Edtech shares company Chegg fell off a cliff this week after the company reported Q1 results that beat analyst expectations.
But the first quarter results did not cause the company to lose nearly half of its value. In the earnings call, the company’s executives noted that ChatGPT’s ability to add new subscribers not only potentially slowed growth, but also created uncertainty about its ability to forecast its future financial results.
It’s a particularly tense acknowledgment of competition given that Chegg just announced last month that it’s building a GPT-4 chatbot, even citing OpenAI CEO Sam Altman in the release.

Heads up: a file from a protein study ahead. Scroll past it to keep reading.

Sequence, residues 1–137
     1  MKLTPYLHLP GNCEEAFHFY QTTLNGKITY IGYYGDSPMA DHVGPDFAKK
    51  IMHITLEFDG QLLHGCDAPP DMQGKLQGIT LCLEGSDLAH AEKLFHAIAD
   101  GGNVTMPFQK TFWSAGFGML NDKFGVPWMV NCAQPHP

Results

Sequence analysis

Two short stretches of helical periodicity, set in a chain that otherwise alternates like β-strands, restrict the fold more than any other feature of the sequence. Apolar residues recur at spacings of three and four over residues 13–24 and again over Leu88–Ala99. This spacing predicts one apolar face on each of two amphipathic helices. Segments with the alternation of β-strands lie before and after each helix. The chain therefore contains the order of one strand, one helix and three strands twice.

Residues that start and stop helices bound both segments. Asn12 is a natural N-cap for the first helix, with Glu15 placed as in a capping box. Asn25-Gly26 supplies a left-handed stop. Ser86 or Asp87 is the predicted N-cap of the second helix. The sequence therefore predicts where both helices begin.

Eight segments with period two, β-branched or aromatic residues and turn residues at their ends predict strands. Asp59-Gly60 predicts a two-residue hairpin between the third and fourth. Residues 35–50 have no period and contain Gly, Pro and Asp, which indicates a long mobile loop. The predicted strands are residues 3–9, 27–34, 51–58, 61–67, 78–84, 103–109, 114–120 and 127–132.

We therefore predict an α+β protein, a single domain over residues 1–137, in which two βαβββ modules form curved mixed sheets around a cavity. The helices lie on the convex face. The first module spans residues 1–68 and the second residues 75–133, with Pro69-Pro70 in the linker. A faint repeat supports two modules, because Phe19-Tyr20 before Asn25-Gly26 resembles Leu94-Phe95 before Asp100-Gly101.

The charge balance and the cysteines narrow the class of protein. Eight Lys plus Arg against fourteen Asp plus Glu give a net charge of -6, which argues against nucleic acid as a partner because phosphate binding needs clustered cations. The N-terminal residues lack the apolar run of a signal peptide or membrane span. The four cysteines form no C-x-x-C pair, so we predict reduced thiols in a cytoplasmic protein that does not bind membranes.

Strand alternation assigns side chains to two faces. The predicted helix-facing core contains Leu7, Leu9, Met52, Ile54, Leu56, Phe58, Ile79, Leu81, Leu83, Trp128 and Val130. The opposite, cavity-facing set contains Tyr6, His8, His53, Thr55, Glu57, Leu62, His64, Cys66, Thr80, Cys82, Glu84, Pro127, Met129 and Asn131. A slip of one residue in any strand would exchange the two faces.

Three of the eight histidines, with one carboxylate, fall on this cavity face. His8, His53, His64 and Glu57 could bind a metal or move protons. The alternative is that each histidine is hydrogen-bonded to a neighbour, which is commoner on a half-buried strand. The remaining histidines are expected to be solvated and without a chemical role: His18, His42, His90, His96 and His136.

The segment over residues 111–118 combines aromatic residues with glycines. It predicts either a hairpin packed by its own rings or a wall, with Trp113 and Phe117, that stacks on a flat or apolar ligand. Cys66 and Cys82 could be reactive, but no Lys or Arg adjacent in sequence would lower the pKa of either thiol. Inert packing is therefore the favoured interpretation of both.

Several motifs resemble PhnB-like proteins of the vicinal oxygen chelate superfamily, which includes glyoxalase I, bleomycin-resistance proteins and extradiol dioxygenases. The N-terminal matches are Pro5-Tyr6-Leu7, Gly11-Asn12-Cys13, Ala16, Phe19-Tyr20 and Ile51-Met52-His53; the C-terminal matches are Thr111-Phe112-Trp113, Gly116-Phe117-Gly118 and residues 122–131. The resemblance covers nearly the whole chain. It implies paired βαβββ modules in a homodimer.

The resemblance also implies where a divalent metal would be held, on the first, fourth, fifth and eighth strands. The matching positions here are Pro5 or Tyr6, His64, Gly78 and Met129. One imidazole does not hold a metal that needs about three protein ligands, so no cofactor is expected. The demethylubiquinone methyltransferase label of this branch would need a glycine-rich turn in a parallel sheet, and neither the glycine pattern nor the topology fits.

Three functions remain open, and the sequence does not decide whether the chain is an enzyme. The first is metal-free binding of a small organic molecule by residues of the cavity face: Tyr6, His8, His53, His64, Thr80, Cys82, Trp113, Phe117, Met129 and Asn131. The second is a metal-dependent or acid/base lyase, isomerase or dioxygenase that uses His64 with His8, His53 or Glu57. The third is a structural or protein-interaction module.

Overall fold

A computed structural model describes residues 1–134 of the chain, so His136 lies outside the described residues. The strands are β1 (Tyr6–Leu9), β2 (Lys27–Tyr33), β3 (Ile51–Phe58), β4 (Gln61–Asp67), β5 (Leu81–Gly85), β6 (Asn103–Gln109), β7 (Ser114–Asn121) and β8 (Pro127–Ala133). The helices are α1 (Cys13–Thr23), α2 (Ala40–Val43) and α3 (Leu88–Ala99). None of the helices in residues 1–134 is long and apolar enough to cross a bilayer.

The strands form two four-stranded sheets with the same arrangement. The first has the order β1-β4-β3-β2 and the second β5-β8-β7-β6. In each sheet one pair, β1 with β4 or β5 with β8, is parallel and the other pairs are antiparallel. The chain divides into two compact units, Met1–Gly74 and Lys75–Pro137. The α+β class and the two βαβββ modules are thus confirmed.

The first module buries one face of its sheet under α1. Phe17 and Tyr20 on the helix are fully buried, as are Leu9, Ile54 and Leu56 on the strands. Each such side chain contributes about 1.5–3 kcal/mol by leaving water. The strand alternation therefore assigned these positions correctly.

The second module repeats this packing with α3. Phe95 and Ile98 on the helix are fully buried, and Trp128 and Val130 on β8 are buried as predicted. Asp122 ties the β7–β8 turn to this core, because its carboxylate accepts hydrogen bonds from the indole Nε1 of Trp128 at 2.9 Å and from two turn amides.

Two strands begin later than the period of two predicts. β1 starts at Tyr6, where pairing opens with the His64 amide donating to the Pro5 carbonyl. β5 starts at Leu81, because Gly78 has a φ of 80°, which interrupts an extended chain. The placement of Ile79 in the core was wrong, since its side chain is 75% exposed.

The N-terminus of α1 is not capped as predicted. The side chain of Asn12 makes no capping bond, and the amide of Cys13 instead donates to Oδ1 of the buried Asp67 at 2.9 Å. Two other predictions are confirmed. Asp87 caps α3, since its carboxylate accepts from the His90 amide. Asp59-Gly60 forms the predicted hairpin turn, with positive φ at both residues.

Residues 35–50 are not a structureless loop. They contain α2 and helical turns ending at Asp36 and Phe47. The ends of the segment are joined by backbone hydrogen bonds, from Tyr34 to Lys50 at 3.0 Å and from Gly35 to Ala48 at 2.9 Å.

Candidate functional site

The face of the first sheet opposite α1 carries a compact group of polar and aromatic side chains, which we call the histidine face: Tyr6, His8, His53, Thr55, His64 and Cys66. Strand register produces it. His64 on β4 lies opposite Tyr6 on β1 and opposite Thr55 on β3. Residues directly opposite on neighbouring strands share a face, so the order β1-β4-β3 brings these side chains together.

Chegg’s dramatic post-earnings valuation flop won’t be the last time we see new AI tools rushing headlong into existing companies. But it’s one of the most dramatic cases to date and raises more questions than just what lies ahead for Chegg himself – and edtech more broadly. AI is the elephant in the room of any industry: how do startups react, especially when a publicly traded company readily admits that a leading product is slowing growth?